Prosodic analysis and modelling of conversational elements for speech synthesis

  1. Adell Mercado, Jordi
Supervised by:
  1. Antonio Bonafonte Cávez Director
  2. David Escudero Mancebo Co-director

Defence university: Universitat Politècnica de Catalunya (UPC)

Fecha de defensa: 22 July 2009

  1. María Asunción Moreno Bilbao Chair
  2. Ignacio Iriondo Sanz Secretary
  3. Juan María Garrido Almiñana Committee member
  4. Francisco Campillo Díaz Committee member
  5. Inmaculada Hernáez Rioja Committee member

Type: Thesis

Teseo: 286981 DIALNET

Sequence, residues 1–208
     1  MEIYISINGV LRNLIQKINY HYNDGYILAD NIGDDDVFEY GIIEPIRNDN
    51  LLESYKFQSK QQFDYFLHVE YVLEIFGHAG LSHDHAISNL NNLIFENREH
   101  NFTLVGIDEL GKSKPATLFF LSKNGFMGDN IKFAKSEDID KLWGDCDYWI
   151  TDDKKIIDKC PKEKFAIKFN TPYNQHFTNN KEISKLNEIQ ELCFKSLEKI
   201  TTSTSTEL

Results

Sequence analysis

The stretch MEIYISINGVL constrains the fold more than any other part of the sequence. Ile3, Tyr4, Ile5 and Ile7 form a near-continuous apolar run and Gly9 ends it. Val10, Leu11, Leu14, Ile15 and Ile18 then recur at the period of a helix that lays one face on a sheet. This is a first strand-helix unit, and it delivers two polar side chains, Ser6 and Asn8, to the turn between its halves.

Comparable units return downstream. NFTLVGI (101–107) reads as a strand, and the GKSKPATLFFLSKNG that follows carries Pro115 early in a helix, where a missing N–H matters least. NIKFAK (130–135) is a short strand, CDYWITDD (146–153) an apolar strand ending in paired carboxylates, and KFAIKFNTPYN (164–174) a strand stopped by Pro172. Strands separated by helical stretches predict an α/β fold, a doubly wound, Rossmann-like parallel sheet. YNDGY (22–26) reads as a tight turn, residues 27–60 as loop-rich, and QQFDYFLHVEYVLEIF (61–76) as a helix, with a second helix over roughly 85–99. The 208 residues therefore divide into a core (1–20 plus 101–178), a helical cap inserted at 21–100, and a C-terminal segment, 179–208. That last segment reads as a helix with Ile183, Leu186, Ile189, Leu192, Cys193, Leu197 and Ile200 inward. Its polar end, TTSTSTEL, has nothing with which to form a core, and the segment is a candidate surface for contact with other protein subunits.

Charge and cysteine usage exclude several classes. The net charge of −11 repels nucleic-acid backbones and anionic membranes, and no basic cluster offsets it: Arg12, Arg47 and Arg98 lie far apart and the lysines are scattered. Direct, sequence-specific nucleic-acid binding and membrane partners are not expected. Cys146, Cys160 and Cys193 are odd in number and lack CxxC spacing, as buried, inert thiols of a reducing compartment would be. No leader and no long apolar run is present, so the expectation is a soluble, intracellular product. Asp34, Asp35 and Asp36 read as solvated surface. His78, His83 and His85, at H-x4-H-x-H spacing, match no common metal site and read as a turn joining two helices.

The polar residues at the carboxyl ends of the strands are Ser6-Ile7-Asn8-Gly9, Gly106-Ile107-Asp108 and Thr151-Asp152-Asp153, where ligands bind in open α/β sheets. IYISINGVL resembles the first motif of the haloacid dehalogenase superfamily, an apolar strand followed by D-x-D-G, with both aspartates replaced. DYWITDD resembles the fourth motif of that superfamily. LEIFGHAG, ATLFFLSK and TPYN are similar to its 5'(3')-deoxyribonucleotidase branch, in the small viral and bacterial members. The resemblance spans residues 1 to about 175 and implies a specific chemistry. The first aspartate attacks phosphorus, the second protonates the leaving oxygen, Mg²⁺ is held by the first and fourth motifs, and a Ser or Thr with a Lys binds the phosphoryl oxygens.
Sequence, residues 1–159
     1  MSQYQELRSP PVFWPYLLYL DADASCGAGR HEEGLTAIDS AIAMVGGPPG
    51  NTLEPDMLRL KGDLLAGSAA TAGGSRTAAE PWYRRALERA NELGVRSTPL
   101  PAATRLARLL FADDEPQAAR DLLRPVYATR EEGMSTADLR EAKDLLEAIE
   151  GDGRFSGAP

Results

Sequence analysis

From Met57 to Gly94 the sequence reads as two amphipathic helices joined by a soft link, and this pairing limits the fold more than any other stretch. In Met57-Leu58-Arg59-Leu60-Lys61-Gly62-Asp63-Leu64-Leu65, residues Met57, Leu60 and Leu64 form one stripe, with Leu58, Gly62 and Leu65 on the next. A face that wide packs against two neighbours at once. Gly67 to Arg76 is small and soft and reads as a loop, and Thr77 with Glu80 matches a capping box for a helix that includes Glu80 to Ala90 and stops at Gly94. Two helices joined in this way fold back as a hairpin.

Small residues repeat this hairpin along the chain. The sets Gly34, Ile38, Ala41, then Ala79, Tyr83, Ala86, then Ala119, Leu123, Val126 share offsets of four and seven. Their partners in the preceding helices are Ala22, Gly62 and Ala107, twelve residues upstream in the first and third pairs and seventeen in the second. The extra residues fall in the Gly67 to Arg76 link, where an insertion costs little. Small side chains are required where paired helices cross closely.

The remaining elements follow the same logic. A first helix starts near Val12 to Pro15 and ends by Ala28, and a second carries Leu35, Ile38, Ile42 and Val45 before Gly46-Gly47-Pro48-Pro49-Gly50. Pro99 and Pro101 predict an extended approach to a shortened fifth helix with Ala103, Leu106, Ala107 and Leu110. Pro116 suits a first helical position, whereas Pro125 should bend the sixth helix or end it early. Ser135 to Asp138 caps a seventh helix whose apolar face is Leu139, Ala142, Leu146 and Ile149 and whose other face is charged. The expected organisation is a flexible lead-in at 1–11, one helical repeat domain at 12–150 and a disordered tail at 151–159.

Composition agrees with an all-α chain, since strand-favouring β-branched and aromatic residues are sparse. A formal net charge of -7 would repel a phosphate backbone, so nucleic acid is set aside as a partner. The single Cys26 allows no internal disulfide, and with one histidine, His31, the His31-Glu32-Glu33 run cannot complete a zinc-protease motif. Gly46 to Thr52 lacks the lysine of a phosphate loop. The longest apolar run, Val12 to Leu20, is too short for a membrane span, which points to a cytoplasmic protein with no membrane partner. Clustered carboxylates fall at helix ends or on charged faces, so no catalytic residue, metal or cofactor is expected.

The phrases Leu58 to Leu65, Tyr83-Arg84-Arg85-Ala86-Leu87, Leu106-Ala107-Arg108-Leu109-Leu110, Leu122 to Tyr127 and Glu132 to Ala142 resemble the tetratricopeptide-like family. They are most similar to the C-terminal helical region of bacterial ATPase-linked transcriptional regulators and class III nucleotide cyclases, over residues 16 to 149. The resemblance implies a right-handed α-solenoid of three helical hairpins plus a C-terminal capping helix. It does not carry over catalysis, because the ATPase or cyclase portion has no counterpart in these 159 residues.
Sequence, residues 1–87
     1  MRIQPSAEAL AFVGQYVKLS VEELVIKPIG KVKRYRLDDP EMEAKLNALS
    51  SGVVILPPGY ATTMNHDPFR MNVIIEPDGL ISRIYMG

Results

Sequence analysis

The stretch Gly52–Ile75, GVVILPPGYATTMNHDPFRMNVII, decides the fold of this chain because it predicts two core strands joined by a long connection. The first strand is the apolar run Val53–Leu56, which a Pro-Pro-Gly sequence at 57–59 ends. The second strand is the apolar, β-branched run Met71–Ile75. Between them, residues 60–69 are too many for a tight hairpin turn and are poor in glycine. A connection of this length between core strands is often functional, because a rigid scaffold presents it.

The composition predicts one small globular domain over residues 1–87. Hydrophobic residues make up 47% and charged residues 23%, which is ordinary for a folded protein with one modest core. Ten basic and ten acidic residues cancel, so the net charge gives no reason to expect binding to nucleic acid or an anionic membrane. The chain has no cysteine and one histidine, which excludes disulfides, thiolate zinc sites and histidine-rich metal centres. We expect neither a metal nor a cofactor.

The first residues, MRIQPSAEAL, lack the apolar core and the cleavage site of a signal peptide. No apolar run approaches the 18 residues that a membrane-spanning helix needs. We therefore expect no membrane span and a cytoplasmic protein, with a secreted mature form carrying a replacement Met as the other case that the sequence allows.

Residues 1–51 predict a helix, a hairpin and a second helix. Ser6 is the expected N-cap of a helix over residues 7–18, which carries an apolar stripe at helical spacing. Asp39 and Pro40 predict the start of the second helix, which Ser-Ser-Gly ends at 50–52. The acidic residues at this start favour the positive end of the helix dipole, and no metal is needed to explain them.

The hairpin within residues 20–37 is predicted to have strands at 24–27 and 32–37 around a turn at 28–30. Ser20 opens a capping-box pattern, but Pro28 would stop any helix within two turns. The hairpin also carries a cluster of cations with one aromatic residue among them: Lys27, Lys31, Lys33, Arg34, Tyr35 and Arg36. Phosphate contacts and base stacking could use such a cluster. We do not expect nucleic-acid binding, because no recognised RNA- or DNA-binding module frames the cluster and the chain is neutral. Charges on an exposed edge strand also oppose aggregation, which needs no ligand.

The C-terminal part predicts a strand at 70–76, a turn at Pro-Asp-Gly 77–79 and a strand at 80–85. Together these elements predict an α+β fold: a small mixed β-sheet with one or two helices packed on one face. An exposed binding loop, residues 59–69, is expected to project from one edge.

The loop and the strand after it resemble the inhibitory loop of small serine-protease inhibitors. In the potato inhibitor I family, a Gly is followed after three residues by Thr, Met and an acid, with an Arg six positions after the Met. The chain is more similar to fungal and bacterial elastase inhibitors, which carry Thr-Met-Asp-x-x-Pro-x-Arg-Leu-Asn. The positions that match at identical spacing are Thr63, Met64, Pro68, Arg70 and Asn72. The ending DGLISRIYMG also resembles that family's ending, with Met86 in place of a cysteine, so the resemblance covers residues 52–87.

Currently, speech synthesisers sound natural when reading text aloud. However, there is an increasing interest in more expressive speech synthesisers for many new applications. Giving the synthesiser the ability to produce speech in a variety of styles is a way to gain this expressiveness. Speech in conversations is the most widely used type of speech. Therefore, more than other aspects, Text-to-Speech systems do need to deal with elements that differentiate between reading and conversation. This thesis focuses on describing the characteristic elements of conversational speech and proposing models to synthesise them. Conversational speech differs significantly from reading aloud due to the inclusion of a variety of rosodic resources that affect the rhythm of the utterances. These resources are, in fact, strategies to achieve communicative tasks between the speaker and the addressee. One type of strategy is disfluency. They are very frequent in normal speech, and in contrast to what one might expect, they carry information and are useful for human communication. Other characteristic elements of conversational speech are closed defined phrases that are repeated through speech and that carry affective rather than propositional information. I present an analysis of three different corpora. One is very similar to the most widely used corpora in the literature for the study of disfluencies. It consists of a set of conversations. Another one was recorded for machine translation and consists of a set of speeches. The third one was recorded from ill-formed sentences. These are sentences generated by automatic systems with incorrect syntactic structures. The corpus with the highest number of disfluencies is the conversational one. This sup ports the claim that disfluencies are not related to problems in speaking or planning the discourse, but are inherent to conversations. Disfluencies are disruptions of the speech flow, and they can be seen as discontinuities. It is reasonable to assume that the prosody will be different from that expected for the same elements within a fluent sentence only around such disconti nuities. Speech is fluent between discontinuities; thus, we can define regions within which speech is fluent and name them fluency regions. Following the previous hypothesis, considering that the elements in a disfluency are fluent within the correct context, it implies there exists a sentence where we could insert an element of a disfluency and the sentence is still erceived as fluent. We refer to this sentence as the underlying fluent sentence. The use of this assumption is supported by studying the impact of disfluencies in a sentence on the speech rate and pitch. Findings show that the inclusion of disfluencies only generates local modifications around fluency boundaries with respect to the underlying fluent sentences. The prosodic parameters that better describe fluency boundaries have been identified for each type of conversational elements: hesitation, repetitions, filled pauses and wrappers. Regression models are proposed to predict the prosody of these elements. The approach proposed in this thesis, which relies on the underlying fluent sentence assumption, can take advantage of prosodic models trained on fluent speech. Thus, there is no need to re-train the prosodic models.